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A tsunami is a series of large ocean waves caused by a sudden and significant disturbance in the sea floor. This disturbance is typically triggered by underwater earthquakes, volcanic eruptions, landslides, or, less commonly, by the impact of a meteorite.

When an event like an earthquake occurs beneath the ocean floor, it can displace a large volume of water, creating a series of waves that radiate outward from the epicenter. These waves can travel across entire ocean basins at speeds of hundreds of kilometers per hour, slowing down as they approach shallow coastal waters. While at sea, tsunamis are typically only a few feet high and may not be noticeable to ships.

However, as a tsunami approaches the coastline and the ocean floor becomes shallower, the waves slow down and begin to pile up, causing them to grow taller and more powerful. When they finally reach shore, tsunamis can unleash their full force, resulting in devastating flooding and destruction of coastal communities.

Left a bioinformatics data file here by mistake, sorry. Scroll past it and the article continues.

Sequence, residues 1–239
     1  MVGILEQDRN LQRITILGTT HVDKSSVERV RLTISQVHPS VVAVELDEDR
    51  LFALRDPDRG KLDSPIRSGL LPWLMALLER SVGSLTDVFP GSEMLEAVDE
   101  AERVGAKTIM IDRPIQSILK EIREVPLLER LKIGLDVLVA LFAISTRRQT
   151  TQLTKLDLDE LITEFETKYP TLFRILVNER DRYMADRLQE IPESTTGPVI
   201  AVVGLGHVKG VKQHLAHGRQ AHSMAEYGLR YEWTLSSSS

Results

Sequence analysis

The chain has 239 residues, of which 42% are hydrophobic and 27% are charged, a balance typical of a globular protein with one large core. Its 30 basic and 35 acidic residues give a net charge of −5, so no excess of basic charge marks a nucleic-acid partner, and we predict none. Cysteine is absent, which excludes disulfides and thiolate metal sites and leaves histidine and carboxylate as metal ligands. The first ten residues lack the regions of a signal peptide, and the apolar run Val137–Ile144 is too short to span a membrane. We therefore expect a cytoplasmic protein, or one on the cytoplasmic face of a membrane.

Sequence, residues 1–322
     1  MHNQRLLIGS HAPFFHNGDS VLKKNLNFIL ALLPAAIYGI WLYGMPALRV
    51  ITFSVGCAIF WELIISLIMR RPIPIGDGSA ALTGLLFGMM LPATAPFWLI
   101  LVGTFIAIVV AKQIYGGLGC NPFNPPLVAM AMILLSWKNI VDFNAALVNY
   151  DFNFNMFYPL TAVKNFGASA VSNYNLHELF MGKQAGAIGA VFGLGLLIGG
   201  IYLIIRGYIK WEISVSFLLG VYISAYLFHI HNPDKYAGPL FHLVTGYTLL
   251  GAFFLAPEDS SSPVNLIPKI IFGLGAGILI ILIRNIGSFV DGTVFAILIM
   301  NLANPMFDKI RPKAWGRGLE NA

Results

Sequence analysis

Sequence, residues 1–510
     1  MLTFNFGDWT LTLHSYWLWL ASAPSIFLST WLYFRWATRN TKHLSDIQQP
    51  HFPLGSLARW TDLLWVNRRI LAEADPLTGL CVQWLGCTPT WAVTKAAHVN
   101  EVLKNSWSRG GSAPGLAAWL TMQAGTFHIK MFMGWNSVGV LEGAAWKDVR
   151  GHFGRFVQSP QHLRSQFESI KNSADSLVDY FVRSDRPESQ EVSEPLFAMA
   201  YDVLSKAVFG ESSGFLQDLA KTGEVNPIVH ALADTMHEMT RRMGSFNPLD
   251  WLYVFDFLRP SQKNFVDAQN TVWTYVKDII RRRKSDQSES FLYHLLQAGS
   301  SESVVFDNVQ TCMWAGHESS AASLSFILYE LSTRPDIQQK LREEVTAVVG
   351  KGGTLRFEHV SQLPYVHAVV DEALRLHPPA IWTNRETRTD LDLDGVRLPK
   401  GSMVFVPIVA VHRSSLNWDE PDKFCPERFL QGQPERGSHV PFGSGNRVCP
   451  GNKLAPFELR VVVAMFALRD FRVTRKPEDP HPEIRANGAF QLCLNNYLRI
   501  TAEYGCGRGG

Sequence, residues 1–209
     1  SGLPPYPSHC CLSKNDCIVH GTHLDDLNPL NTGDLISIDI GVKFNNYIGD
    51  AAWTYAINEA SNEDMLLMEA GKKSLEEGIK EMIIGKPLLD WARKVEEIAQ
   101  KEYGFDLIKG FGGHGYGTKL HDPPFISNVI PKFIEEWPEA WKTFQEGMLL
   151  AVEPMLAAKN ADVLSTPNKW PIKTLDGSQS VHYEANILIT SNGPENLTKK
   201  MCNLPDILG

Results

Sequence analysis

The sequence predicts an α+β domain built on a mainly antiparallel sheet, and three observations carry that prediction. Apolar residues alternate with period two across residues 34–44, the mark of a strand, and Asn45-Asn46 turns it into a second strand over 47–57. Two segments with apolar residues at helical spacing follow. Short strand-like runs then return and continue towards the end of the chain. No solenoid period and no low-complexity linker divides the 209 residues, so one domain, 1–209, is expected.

The impacts of tsunamis can be catastrophic, with waves reaching heights of tens of meters in extreme cases. They can cause widespread destruction of buildings and infrastructure, as well as significant loss of life. The force of the water can also sweep away debris, vehicles, and even large ships, further adding to the destruction.

Efforts to mitigate the impacts of tsunamis include early warning systems, coastal planning and zoning regulations, and education and preparedness programs for communities at risk. These measures aim to provide timely warnings and enable residents to evacuate to higher ground before a tsunami strikes, reducing the loss of life and property damage.

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